The lawyer here in Luke then went on to add the corollary: “Love your neighbor as yourself.” Loving God and your neighbor both originate in the Old Testament, but show up in the New Testament as a matched set. The New Testament writers go so far as to sum up both with “Love your neighbor” since, they reason, if you don’t love your neighbor whom you can see, you obviously don’t love God whom you can’t.
For us, loving God by loving our neighbor is summed up in our first Core Value, Welcome Beloved. Beloved pertains to both the welcomed and the welcomer because God loves all people, the righteous and unrighteous alike. But because we’re not God, loving our neighbors can be hard—and that without Jesus’ caveat that we love our enemies too. It is God’s love for us that makes possible, and mandatory, our love for others. We welcome because Jesus welcomed us first. It is the Holy Spirit in us that inspires us. Breathe in and breathe out.
Unlike the shema, “Love your neighbor as yourself” only appears one place in Jewish law, randomly nestled in Leviticus 19 among a list of commandments against mixing seeds and mixing fabrics. Most of you know I wrote a book about Leviticus entitled How To Be Perfect, a riff on Jesus’ invitation to “be perfect as our heavenly father is perfect,” another way of describing “eternal life.” In some ways the book was autobiographical; it’s about 30 days spent living by Leviticus for a month with a group of fellow Levites-for-the-month from my church in Boston. Not that it made us perfect. This may be why my book proved to be less popular than Leviticus itself. I have plenty of copies if you’d like one.
While falling short of perfection, I can say I did manage to succeed at much of what Leviticus commands. I refrained from mating different kinds of animals, planting mixed seeds, wearing mixed fabrics and from sharing a bed with slave girls promised to other men. Granted, these were fairly easy commands to keep (even the clothing one). But loving my neighbor as myself was not so easy for reasons that are familiar to us all. I empathize with the lawyer in Luke. Wanting to justify himself, he made the mistake of asking Jesus to clarify what he meant by “neighbor.” Jesus responded with the story of the Good Samaritan, and suddenly what was hard enough became even harder. Trying to justify yourself will do that.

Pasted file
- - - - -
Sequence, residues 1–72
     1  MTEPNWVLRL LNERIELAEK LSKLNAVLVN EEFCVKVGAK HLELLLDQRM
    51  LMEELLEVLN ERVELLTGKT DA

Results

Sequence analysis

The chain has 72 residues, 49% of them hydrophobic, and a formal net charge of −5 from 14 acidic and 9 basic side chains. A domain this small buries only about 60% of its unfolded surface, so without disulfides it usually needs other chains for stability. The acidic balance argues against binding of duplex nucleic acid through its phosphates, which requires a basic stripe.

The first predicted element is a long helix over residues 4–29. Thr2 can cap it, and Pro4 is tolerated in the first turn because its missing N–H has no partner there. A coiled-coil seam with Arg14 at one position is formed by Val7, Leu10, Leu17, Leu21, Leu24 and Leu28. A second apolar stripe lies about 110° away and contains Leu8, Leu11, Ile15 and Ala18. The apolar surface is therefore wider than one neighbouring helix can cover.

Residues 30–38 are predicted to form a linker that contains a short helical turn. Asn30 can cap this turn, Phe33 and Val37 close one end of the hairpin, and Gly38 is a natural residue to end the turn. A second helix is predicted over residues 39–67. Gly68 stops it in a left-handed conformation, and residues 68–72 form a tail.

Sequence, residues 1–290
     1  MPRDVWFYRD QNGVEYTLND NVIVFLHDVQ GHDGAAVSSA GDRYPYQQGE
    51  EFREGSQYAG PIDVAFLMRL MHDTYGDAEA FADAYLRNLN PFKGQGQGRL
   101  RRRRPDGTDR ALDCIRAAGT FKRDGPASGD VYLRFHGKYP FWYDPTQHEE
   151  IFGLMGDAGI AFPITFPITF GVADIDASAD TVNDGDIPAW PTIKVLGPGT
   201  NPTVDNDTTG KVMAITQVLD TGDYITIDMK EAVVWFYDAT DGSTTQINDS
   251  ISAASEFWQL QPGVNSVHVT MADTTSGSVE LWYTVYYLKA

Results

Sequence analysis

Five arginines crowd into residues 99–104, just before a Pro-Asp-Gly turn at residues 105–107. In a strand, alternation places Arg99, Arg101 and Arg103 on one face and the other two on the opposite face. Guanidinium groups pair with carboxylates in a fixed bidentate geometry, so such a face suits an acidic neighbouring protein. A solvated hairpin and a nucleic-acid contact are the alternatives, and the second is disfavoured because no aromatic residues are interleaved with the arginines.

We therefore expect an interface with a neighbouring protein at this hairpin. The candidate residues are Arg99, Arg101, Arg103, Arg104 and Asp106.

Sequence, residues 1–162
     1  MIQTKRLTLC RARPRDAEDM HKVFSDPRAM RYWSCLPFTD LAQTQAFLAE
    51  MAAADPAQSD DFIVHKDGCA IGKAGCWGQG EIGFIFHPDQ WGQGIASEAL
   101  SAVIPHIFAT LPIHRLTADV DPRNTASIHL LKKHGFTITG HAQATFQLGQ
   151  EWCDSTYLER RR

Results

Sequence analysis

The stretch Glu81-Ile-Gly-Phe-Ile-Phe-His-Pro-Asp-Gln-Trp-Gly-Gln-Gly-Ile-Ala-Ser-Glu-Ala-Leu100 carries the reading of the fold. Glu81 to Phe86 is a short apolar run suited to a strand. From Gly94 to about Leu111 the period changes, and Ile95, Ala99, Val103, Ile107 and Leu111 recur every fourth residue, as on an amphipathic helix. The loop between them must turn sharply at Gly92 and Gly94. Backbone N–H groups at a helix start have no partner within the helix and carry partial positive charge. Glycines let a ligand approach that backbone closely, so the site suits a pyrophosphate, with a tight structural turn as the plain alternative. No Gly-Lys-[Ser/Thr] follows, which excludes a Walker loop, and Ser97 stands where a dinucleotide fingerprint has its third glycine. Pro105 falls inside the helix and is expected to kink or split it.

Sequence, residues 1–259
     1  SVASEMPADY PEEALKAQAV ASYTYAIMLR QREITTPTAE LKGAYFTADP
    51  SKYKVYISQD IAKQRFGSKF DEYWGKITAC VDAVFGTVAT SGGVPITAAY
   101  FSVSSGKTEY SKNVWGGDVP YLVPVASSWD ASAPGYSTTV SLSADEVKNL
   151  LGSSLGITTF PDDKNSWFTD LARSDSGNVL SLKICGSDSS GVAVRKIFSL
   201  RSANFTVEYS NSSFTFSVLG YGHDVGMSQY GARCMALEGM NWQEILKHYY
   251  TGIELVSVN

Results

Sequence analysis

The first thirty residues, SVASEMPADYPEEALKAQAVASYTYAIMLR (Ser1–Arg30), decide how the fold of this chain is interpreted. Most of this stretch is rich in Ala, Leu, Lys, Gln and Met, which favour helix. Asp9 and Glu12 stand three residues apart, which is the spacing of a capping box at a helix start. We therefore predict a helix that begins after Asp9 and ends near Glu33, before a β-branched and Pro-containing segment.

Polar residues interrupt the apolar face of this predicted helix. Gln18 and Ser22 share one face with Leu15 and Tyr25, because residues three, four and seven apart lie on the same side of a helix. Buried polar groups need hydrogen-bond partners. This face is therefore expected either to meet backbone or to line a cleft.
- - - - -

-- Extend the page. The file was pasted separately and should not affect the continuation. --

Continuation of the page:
For my Leviticus month I decided to love my literal neighbors—the people who lived nearby. Boston is a city where your neighbors are mostly unfamiliar on purpose, so loving them means getting over some cultural barriers. The Washington Post reported this morning how some neighborhoods can take twenty years off your life. Northeast urban protocol in mine squelched my Southern socialized charm. Act overly friendly and my Boston neighbors were likely to tell me to go do anatomically impossible things to myself.
I tried to befriend our upstairs neighbor, since we shared a two-family house, but she was freaked out by my being a minister. She’d refer to herself as “the pagan” in my presence and generally passed me by on the other side, worried that I’d try to convert her. Fortunately Leviticus forbade contact with pagans so I was still in compliance.
This left me with my neighbors to our right and left. On the right lived an elderly woman I’ve never met (and only seen once). Shoveling our sidewalk after a snowstorm, I noticed her walk wasn’t cleared, so what better way to love my neighbor than to shovel her walk too? Score one for me. On the left side lived a couple who’d just had twins. We’d said hello over the fence in the summer, but that hardly counted as love, so I decided to take over a baby gift. I knocked on their door and the harried mother answered. Covered in baby food and plainly annoyed at the interruption (her twins screaming in the background), she looked at me suspiciously, having no memory of who I was. I introduced myself and offered the gift, which only made her more suspicious. Still, she took it and summarily slammed the door, leaving me to wonder whether this was how the Good Samaritan got treated once the robbed guy he helped healed from his wounds. Whatever. Leviticus never said your neighbors had to love you back. And even if they do, Jesus said, what’s so great about that? Even tax collectors and pagans love those who return the love. So rather than feeling slighted, I decided to thank God for allowing me to go the extra mile. Score another one for me.